Children grow with School to Farm Project

Courtesy Photo/School to Farm

Young people plant and weed in the School to Farm Project garden at Cortez Recreation Center as adults provide guidance.

All over this county, from schools to farms, millions of seedlings are springing into action. Some of them earn the gardener's affection while others attract a leery eye. If you haven't already, I'd recommend taking a stroll to your local school garden to see the early summer excitement.

My name is Harrison Topp, and I'm working with the Montezuma School to Farm Project as an Americorps OSM/VISTA. I'll be coming to you every other week with updates about the school gardens. Every once in a while, I'll also throw in some breaking news about local farmers in the area and maybe a growing tip or two if I happen across a good one!

Our school gardens are just starting to burst with life, but the student stewards (perhaps your very daughters, sons or grandchildren) are running out the doors into the arms of summer vacation. That means we could use a little help! Whether you're a parent with children or not, we'd love to see you stop by the Mancos Garden, the Dolores Garden or the Cortez Rec Center Garden. Community involvement is the heart and soul of the Montezuma School to Farm Project. It connects our agricultural heritage with our growing future. And you wouldn't believe how fun it can be when the community comes together to grow healthy food, be outside, and work and learn together. I'll guarantee that all the young gardeners, botanists, scientists, poets and horticulturalists we work with will thank you for it as they attend summer camps at the gardens and eventually return to school in the fall.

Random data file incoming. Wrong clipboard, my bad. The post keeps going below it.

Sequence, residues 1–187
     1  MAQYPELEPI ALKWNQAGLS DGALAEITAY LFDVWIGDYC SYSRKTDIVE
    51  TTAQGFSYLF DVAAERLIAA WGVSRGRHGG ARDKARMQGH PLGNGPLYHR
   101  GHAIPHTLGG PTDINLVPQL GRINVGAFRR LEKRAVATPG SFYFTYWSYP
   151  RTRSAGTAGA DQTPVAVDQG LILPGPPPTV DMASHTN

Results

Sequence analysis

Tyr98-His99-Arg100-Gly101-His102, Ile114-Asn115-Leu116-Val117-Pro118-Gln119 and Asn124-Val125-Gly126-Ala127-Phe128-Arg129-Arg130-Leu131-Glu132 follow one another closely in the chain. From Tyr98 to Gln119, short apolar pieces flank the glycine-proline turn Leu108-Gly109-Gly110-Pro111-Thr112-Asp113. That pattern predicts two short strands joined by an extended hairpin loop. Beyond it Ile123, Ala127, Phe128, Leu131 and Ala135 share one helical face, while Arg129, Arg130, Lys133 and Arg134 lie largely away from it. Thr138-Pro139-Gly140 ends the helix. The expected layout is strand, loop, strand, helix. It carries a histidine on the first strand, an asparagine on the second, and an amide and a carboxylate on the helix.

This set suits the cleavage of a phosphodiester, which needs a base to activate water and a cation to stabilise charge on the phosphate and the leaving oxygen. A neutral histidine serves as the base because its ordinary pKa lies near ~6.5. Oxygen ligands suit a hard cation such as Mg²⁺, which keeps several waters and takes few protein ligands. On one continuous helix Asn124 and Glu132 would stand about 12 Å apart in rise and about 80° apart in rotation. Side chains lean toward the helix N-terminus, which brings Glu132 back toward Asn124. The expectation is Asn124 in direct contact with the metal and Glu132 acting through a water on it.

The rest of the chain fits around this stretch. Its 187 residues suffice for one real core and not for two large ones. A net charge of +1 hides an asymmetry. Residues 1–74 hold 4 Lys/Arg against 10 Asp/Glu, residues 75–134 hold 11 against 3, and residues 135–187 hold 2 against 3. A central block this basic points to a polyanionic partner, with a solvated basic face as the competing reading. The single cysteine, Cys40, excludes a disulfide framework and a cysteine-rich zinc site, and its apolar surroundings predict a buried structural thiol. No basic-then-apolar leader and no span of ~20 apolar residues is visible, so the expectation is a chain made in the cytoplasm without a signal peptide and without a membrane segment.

If you're wondering how exactly to get involved, we've got a good summer line-up. First of all, you can swing by anytime, relax, and enjoy the feeling of things growing all around you. Also, every Tuesday evening in Dolores, and Wednesday evenings in Mancos, we will be hosting casual weed and greet parties from 4 to 7 p.m.. Come by and spend some time with your family and neighbors, dig around in the dirt, and maybe just bring some veggies home! If you have youngsters, enroll them in the camps happening at all three gardens this summer! You can email me at if you have any questions.

Volunteering a year of service with the Montezuma School to Farm Project has been very inspiring, and I encourage others to join me, with whatever time they can offer. More than sports, television, video games or the myriad of other ways we entertain ourselves, participating in the school gardens will benefit not only our youth but also our future.

I leave you with a local food tip for the week. Just like all those seedlings I mentioned, farmers markets are springing into action. Local farmers have been working hard, against the wind, heat, drought and freezes to enliven and excite the local palate. Check out what they've got!

Harrison Topp is an Americorps/Vista volunteer working with the Montezuma School to Farm Project.

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